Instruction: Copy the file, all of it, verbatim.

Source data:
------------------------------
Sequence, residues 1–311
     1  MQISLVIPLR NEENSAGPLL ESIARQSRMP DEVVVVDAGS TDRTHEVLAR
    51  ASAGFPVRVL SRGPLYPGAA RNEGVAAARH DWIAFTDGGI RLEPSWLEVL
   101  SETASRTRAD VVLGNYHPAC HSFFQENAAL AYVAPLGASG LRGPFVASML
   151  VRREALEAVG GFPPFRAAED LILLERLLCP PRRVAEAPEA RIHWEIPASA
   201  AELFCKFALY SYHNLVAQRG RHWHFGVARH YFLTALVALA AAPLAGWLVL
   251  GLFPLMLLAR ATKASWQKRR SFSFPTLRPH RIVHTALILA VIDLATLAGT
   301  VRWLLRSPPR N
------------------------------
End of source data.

Sequence, residues 1–311
     1  MQISLVIPLR NEENSAGPLL ESIARQSRMP DEVVVVDAGS TDRTHEVLAR
    51  ASAGFPVRVL SRGPLYPGAA RNEGVAAARH DWIAFTDGGI RLEPSWLEVL
   101  SETASRTRAD VVLGNYHPAC HSFFQENAAL AYVAPLGASG LRGPFVASML
   151  VRREALEAVG GFPPFRAAED LILLERLLCP PRRVAEAPEA RIHWEIPASA
   201  AELFCKFALY SYHNLVAQRG RHWHFGVARH YFLTALVALA AAPLAGWLVL
   251  GLFPLMLLAR ATKASWQKRR SFSFPTLRPH RIVHTALILA VIDLATLAGT
   301  VRWLLRSPPR N